ICFiles
SOC 2

CPA Website Content

Secure File Transfer Soc 2 starts at $1 per month

Join Us

 

 
Financial Calculators
Financial Calculators
 
Federal Tax Links
Federal Tax Links
 
Financial Terms Glossary
Financial Terms Glossary
 
Cartoon of the Month
Cartoon of the Month
 

Stock Market: Experts Ponder First Quarter Results, Federal Reserve Policies

Stock Market News

May 2012

Buy

Stock Market: Experts Ponder First Quarter Results, Federal Reserve Policies

In April, corporate earnings in the United States, the Federal Reserve’s game plan, European elections and continued resistance to austerity measures in Europe dominated business news headlines. The consensus is that overall first-quarter results in the United States have been good, and most corporate executives see a positive outlook for the remainder of the year. In a few instances – where results have spectacularly outpaced estimates – Wall Street chastised companies for being overly cautious in their forecasting.

Despite a rally that pushed U.S. stocks up steadily 30 percent since October, many experts still see no clear-cut direction as to whether we are in a bull market or a short-term bull run in a bear market. Most anticipate modest gains at best from here on – and many suggest that investors look at small-cap stocks (with market values below $3 billion) that are less likely to have exposure to possible international economic downturns and global market fluctuations. That doesn’t mean that all blue chip companies should be avoided, though. Wall Street experts are suggesting that individual investors stick predominately with U.S. stocks, and are selective about purchasing commodities that could see prices fall if the economy in Europe falters.

On a bearish note, some experts point to an upswing in insider selling among Standard & Poor’s 500 companies – an increase that has boosted insider selling to its highest rate in 10 years. Perhaps this might be a trend worth noting. If corporate insiders are selling stock, it doesn’t inspire confidence in the company’s outlook despite a positive first quarter.

Perhaps it’s worth thinking about how the European elections might affect U.S. stocks. The biggest concern might be that the upcoming change of leadership in theNetherlandsand the possible changes in France and Greece could sabotage efforts made to address the Euro-zone debt crisis. Opposition to the austerity measures supported by Germany is growing. If the new leaders reverse course, Euro-zone nations would be back where they started. More stress on Euro-zone nations’ economies could increase borrowing costs, push some nations into recession and cause stock prices to fall. Despite this gloomy scenario, it is important to remember that economic improvements have made theUnited Statesbetter able to withstand weaknesses in the European markets.  

At the end of April, U.S. policymakers were busy reviewing economic forecasts and determining future monetary policy. The Federal Reserve has kept interest rates at or near zero for four years in order to give businesses and consumers access to cheap credit. Ultra low rates have helped revitalize the stock market and enabled homeowners to refinance their homes and buy goods and services. Critics of the Fed policy believe these are short-term fixes that jumpstart the economy but do not address the real problems of burgeoning trade deficits and a tax code that needs a major overhaul.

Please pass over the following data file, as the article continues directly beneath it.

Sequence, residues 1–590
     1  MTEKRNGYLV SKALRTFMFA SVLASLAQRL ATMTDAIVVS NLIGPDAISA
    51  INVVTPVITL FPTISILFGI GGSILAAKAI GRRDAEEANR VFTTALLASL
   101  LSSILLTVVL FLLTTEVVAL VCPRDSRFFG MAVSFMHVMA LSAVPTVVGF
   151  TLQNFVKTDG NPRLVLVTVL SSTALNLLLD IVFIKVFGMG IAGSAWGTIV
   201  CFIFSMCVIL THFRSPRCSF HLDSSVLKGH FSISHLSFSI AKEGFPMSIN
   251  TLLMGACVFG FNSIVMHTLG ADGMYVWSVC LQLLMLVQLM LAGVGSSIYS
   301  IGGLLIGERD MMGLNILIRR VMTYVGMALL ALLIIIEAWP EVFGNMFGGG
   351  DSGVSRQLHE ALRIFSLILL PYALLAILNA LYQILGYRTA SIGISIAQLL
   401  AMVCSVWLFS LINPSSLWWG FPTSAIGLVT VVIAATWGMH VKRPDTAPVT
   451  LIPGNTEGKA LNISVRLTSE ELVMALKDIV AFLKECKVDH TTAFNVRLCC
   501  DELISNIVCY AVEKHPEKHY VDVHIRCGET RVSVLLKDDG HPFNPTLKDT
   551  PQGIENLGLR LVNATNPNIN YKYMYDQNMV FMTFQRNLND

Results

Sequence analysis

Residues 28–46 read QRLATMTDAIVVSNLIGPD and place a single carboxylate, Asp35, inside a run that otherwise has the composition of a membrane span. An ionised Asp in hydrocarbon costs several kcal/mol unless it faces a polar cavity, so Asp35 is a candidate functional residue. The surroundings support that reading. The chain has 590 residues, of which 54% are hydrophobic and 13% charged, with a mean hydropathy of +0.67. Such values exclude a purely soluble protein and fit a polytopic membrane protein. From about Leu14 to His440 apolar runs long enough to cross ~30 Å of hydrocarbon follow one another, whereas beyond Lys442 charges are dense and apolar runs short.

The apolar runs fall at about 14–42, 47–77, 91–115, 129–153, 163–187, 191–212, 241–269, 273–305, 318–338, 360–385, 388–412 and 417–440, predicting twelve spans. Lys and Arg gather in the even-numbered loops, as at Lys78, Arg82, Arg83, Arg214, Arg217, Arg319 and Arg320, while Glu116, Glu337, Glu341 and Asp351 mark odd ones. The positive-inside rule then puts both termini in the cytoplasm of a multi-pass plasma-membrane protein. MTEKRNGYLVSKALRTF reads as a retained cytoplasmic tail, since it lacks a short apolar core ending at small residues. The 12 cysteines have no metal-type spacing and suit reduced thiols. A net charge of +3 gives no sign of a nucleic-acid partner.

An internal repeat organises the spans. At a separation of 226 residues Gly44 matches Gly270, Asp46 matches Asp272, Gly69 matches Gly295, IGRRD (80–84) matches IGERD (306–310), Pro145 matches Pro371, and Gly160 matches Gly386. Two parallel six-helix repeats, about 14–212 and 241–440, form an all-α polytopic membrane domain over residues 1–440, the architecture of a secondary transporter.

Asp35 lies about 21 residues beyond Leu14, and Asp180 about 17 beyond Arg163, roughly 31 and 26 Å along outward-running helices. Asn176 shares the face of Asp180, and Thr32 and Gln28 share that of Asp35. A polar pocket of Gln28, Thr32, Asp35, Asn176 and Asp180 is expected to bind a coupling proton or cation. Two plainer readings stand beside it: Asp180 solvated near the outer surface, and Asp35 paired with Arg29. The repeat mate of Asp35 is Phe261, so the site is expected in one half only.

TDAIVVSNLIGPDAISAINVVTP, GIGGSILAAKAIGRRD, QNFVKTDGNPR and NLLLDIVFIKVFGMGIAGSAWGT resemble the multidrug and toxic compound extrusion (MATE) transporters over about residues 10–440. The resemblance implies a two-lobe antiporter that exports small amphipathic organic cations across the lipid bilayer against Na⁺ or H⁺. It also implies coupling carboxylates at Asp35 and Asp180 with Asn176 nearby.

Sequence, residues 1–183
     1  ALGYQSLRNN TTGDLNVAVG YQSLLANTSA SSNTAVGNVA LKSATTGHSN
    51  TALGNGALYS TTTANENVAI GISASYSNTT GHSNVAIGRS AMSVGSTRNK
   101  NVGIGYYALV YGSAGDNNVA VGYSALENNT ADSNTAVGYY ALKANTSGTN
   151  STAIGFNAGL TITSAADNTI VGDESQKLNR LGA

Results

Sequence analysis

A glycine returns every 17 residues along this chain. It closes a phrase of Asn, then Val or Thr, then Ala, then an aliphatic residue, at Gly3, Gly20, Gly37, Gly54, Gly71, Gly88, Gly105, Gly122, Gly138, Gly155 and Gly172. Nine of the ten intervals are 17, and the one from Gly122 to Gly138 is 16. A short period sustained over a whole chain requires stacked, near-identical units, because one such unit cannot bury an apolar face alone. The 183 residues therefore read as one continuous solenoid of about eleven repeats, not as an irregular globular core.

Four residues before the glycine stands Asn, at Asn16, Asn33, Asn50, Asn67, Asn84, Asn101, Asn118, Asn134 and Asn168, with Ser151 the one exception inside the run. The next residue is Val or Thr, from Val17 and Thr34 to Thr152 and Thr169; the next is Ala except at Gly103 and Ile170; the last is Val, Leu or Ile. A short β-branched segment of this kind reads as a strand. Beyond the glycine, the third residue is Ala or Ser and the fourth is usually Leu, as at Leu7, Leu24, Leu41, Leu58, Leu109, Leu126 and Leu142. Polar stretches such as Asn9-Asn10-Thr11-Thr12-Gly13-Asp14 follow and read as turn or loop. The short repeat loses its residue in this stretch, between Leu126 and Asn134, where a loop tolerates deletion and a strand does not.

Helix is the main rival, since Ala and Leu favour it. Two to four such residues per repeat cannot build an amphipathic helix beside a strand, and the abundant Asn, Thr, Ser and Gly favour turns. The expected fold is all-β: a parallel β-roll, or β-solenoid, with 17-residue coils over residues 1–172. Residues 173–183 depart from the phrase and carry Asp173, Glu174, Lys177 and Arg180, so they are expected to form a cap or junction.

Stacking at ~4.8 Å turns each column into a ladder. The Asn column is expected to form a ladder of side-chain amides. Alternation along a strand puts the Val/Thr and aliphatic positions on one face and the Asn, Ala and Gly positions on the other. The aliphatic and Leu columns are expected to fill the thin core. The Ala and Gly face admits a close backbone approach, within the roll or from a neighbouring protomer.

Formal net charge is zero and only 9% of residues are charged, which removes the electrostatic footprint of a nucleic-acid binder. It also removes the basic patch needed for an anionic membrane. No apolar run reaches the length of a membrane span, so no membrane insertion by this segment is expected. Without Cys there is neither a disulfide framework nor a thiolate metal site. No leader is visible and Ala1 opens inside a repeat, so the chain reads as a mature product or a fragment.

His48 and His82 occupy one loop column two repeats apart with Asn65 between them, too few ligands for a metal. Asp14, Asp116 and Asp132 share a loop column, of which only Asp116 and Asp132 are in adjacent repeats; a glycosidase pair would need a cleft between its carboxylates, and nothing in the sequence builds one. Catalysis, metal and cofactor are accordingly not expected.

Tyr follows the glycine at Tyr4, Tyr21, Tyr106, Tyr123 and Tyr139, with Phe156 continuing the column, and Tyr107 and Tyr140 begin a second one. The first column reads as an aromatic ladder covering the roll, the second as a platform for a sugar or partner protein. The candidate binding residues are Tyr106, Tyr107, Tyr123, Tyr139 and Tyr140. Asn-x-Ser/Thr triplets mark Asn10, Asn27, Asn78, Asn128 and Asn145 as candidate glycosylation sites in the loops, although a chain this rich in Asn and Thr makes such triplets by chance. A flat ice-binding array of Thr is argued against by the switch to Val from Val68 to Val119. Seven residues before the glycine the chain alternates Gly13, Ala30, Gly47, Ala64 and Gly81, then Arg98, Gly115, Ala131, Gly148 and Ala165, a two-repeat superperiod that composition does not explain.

Some economists are pushing for the Fed to start backing off the low-interest/quantitative easing policy because the economy is finding its feet. These critics believe that keeping Treasury bond prices high and government interest rates low means easy money, which in turn means elected officials continue to avoid tackling deficit issues and revising the tax code. Observers do not anticipate any major changes to the monetary policy until the Fed gets a clearer picture of the economy.

The bottom line:  the economy and the stock market are in a much better position than they were a couple of years ago. After an impressive 30 percent run-up that began in October 2011, we are back where we were when opinions varied daily on whether the market forecast was bullish or bearish. Now, just as it was then, it’s smart to keep your expectations modest, refrain from knee-jerk responses and maintain an appropriately diversified portfolio.

The above is intended as general commentary only and is not a substitute for advice from professional tax and investment professionals.

Buy

 

These articles are intended to provide general resources for the tax and accounting needs of small businesses and individuals. Service2Client LLC is the author, but is not engaged in rendering specific legal, accounting, financial or professional advice. Service2Client LLC makes no representation that the recommendations of Service2Client LLC will achieve any result. The NSAD has not reviewed any of the Service2Client LLC content. Readers are encouraged to contact their CPA regarding the topics in these articles.

Protected by Copyscape Plagiarism Finder

Dynamic Content Powered by Service2client.com
SEO Content Powered by DynamicPost.net

ICFiles
SOC 2

CPA Website Content

Secure File Transfer Soc 2 starts at $1 per month

Join Us

 

CPA Website Content

 
 
Financial Calculators
Financial Calculators
 
Federal Tax Links
Federal Tax Links
 
Financial Terms Glossary
Financial Terms Glossary
 
Cartoon of the Month
Cartoon of the Month
 
websites for cpas

MyWeb, WordPress Joomla, Drupal
1 Click Hosting
Install free themes

websites for cpas

Click

 
Tax Calendar
Tax Calendar
 
State Tax Links
State Tax Links
 
Track your Refund
Track your Refund
 
Library Articles
Library Articles
 
 
 

CLOSE